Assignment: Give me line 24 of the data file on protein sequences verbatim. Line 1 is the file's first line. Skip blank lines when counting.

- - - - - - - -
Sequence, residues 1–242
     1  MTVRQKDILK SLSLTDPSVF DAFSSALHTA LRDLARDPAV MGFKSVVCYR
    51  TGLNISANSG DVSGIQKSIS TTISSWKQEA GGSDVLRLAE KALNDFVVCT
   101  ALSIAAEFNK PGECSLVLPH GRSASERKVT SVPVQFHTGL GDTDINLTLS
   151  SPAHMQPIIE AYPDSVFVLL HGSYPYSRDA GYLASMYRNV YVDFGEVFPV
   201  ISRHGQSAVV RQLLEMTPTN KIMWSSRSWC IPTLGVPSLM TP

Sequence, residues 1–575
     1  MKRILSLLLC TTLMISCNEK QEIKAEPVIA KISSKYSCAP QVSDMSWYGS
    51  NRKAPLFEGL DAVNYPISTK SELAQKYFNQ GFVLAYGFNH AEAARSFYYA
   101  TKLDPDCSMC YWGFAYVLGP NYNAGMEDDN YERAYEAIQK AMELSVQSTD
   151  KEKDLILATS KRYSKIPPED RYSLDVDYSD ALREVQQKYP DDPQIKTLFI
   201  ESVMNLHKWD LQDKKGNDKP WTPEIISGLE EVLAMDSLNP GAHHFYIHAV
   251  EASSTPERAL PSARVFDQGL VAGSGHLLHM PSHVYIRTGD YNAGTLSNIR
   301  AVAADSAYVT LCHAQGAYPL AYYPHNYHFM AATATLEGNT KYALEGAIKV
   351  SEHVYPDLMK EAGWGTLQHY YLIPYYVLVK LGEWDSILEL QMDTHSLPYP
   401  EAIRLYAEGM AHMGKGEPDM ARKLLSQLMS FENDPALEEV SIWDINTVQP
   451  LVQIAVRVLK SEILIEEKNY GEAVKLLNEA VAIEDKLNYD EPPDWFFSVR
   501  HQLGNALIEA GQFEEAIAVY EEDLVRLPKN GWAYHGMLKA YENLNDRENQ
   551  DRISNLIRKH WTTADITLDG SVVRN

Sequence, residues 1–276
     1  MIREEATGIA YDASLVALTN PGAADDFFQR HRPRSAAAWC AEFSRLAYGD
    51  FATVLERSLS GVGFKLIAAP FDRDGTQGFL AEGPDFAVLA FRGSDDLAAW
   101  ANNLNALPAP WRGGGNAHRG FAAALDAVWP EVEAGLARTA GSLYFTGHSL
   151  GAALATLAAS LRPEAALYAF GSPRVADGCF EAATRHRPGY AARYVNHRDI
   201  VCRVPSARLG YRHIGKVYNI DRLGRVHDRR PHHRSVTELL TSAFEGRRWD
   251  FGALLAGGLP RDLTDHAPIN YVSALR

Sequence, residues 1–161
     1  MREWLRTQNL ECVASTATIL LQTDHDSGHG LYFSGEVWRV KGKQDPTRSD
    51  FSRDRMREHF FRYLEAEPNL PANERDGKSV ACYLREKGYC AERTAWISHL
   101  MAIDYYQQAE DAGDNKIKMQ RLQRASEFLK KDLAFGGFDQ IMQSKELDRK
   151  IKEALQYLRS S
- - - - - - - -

   151  GAALATLAAS LRPEAALYAF GSPRVADGCF EAATRHRPGY AARYVNHRDI